Our top tips for what to take on a diving day trip

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Our top tips for what to take on a diving day trip

Whether you are about to take your first breaths underwater, or are a seasoned Pro heading out with a new dive operation for the first time, some of your questions will likely be: how will the boat trip be? What should I bring? What should I leave on land? The good news is that as a new diver, your instructor will help guide you through this. But what else should you be thinking about?

You can start this preparation in your planning phase. Contact your dive centre to find out a little more about the style of boat, how long is the trip, and what facilities the boat has. This will give you a good idea of what you’ll need, and may even give you an idea of when and how you should dress in preparation for the dive. Most operators can also provide you with a specific “kit list” to help with packing.

Climate is also an important factor to take into consideration. Since we have already made the choice to dive in Thailand rather than temperate seas back “home”, this rundown will focus on the best way to prepare for warm weather and tropical diving.


Diving from different boats

The style of boat you dive from will definitely impact on your decisions. If you are diving from a small boat such as a longtail, it’s unlikely there will be much on the boat beyond drinking water and emergency kit. Having said that, small boat dive trips are usually about being efficient, so you may not need to bring much else aside from your gear and a few personal essentials in a dry bag. Don’t bring big bags, valuables, or unnecessary items since space is very likely limited and sea water tends to get everywhere on smaller vessels.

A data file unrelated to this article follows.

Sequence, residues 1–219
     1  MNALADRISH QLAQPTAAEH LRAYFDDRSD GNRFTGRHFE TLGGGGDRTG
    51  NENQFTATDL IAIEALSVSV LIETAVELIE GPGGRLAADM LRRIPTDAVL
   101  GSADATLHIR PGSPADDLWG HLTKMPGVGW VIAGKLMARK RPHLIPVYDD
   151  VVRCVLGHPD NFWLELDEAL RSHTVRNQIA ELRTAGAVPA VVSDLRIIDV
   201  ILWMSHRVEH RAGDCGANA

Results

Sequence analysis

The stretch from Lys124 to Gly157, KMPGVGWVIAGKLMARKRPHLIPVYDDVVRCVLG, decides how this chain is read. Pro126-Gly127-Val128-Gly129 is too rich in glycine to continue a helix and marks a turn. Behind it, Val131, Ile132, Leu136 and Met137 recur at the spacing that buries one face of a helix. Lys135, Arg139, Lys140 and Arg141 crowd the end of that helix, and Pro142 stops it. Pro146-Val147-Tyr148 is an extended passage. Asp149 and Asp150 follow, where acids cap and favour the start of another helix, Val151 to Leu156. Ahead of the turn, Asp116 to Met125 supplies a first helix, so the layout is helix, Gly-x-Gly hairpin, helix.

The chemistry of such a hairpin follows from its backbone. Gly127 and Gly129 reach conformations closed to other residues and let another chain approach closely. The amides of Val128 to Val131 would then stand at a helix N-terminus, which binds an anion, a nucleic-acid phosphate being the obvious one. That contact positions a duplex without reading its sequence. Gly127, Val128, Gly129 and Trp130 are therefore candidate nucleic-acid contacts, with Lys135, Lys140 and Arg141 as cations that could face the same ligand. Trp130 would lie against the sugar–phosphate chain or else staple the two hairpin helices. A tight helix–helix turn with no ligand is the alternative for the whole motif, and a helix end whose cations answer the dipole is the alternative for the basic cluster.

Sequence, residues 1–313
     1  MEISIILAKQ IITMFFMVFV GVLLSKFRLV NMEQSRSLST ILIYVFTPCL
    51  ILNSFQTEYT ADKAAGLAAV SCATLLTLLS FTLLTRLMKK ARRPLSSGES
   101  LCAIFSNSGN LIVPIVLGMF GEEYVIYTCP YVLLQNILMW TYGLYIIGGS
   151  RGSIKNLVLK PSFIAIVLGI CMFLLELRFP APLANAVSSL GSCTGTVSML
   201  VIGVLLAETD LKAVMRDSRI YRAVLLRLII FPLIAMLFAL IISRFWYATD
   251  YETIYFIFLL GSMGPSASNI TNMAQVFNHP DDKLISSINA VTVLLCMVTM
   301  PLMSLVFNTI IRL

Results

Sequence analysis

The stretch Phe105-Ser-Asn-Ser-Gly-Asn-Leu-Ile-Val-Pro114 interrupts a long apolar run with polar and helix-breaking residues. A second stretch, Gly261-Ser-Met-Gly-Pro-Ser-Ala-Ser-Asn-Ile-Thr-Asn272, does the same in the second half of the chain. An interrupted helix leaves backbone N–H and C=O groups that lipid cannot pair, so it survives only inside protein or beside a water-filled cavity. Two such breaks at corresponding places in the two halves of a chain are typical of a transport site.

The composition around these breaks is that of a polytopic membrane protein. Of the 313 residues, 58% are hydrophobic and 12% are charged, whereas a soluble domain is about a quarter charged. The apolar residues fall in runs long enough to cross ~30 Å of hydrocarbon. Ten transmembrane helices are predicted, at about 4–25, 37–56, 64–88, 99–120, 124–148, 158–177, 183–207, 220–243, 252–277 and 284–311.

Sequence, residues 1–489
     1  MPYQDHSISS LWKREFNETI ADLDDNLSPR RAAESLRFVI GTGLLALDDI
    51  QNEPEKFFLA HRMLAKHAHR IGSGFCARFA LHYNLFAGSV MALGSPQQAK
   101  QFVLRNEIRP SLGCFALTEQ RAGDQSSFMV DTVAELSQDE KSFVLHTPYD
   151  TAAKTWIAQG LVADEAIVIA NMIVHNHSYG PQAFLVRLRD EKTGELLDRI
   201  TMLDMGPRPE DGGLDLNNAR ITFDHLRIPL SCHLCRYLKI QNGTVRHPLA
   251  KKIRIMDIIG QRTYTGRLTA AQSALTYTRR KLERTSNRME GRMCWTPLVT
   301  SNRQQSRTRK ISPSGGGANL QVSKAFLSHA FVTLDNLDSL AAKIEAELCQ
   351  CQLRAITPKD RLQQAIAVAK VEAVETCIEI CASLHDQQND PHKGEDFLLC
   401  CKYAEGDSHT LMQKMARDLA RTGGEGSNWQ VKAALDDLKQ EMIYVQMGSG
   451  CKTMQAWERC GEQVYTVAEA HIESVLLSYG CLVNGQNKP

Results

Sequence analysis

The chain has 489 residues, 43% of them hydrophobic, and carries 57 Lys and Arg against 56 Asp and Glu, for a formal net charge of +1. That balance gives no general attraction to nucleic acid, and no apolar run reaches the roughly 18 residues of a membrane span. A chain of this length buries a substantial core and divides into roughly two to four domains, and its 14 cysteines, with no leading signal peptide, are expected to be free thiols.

When preparing for small boat or longtail dives, especially if you will set up your scuba unit before you get on the boat, we recommend being already dressed in your swimming things (bikini / board shorts) also with your wetsuit on as far as your waist. Don’t expect any privacy on the boat; it’s unlikely there will be a toilet on board, so changing clothes with any dignity once you are on the trip will be out of the question. Plus if you have ever tried to stand on one leg on a small moving boat, you’ll understand!